Original German Navy Bundesmarine insignia, PERFECT CONDITION, EMBROIDERED, cca 35 mm
HISTORY OF THE INSIGNIA:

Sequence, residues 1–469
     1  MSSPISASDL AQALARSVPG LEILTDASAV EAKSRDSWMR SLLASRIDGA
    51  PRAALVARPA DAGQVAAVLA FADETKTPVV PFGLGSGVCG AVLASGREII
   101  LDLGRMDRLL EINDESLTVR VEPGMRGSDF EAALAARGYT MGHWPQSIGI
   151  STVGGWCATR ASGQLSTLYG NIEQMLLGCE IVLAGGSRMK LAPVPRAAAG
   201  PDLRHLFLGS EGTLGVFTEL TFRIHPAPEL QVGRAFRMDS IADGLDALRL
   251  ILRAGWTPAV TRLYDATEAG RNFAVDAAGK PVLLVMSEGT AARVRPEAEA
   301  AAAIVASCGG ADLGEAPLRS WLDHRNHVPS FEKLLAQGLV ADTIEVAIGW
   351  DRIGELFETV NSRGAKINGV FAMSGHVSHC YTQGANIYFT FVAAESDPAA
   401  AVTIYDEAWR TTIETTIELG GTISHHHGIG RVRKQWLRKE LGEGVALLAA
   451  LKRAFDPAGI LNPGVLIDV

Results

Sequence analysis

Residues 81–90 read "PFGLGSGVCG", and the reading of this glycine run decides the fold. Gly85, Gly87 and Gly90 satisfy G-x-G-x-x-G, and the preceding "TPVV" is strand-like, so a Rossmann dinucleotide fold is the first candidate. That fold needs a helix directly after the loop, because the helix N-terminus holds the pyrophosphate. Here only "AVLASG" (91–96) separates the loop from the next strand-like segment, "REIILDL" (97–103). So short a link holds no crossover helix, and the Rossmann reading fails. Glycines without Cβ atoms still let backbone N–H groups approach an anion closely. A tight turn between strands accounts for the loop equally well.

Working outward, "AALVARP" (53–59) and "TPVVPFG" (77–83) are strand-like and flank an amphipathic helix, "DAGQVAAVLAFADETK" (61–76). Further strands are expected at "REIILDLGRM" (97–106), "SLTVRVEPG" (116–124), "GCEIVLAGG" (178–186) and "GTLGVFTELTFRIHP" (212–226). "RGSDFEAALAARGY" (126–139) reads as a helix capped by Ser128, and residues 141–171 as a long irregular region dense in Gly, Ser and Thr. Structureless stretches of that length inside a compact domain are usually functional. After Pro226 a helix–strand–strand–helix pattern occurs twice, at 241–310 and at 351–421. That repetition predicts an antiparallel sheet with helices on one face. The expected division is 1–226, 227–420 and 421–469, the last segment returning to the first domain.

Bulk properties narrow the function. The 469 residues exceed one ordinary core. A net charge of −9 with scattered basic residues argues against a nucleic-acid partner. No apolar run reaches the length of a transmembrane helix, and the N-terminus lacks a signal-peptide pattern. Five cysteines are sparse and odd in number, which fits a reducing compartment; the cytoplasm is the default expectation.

The German Navy (Deutsche Marine) is the navy of Germany and part of the Bundeswehr (German Armed Forces). The German Navy traces its roots back to the Imperial Fleet (Reichsflotte) of the revolutionary era of 1848–1852 and more directly to the Prussian Navy, which later evolved into the Northern German Federal Navy (Norddeutsche Bundesmarine, 1866–1871) and became the Imperial Navy (Kaiserliche Marine, 1872–1918). From 1919 to 1921 it was known as the Temporary Imperial Navy (Vorläufige Reichsmarine) and then became the Reichsmarine. It was known as the War Navy (Kriegsmarine) from 1935 to 1945. From 1945 to 1956, the German Mine Sweeping Administration and its successor organisations, made up of former members of the Kriegsmarine, became something of a transition stage for the German Navy, allowing the future Bundesmarine to draw on experienced personnel upon its formation. In 1956, with West Germany's accession to NATO, a new navy was established and was referred to as the Federal Navy (Bundesmarine). With the reunification of Germany in 1990, and the take-over of units of the former East German Volksmarine ("People's Navy"), it was decided to simply use the name Deutsche Marine ("German Navy"). In total, there are 100 commissioned ships in the German Navy, including the 10 submarines and 43 auxiliary ships; the Displacement of the navy is 220,000 tonnes. In addition to this the German Navy and the Royal Danish Navy are in cooperation in the Ark project. This agreement made the Ark project responsible for the strategic sealift of German armed forces where 3 Full time charter of Roll On Roll Off vessels are ready for deployments. In addition, the ships will also be permanently available to NATO alliance countries. The 3 vessels have a combined tonnage of 60,000 tonnes. With these 3 ships the total Displacement available for deployment of the navy is 280,000 tonnes. The German Navy is part of the German armed forces (Bundeswehr), and is deeply integrated into the NATO alliance. Its mission includes the participation in peace-keeping and peace enforcement operations as well as the protection of German and Allied territories. German war ships permanently participate in all four NATO Maritime Groups. The German Navy is also engaged in operations against international terrorism such as Operation Enduring Freedom and NATO Operation Active Endeavour. Presently the largest operation the German Navy is participating in is UNIFIL II off the coast of Lebanon. The German contribution to this operation is two frigates, four fast attack craft, and two auxiliary vessels. The naval component of UNIFIL has been under German command. The German Navy is commanded by the Inspekteur der Marine in the Federal Ministry of Defence in Bonn. The major commands are the Fleet Command at Glücksburg near Flensburg and the Naval Office at Rostock. The Fleet is commanded by the Befehlshaber der Flotte (Commander-in-Chief German Fleet or CINCGERFLEET) and comprises all combat vessels, aircraft, helicopters and other combat forces, while schools, naval bases and test installations are under the purview of the Naval Office. The strength of the Navy is about 17,000 men and women. The navy as a part of the Bundeswehr is responsible for developing and providing the maritime capabilities of the German armed forces. Therefore it is operating a number of development and testing installations as part of an inter-service and international network.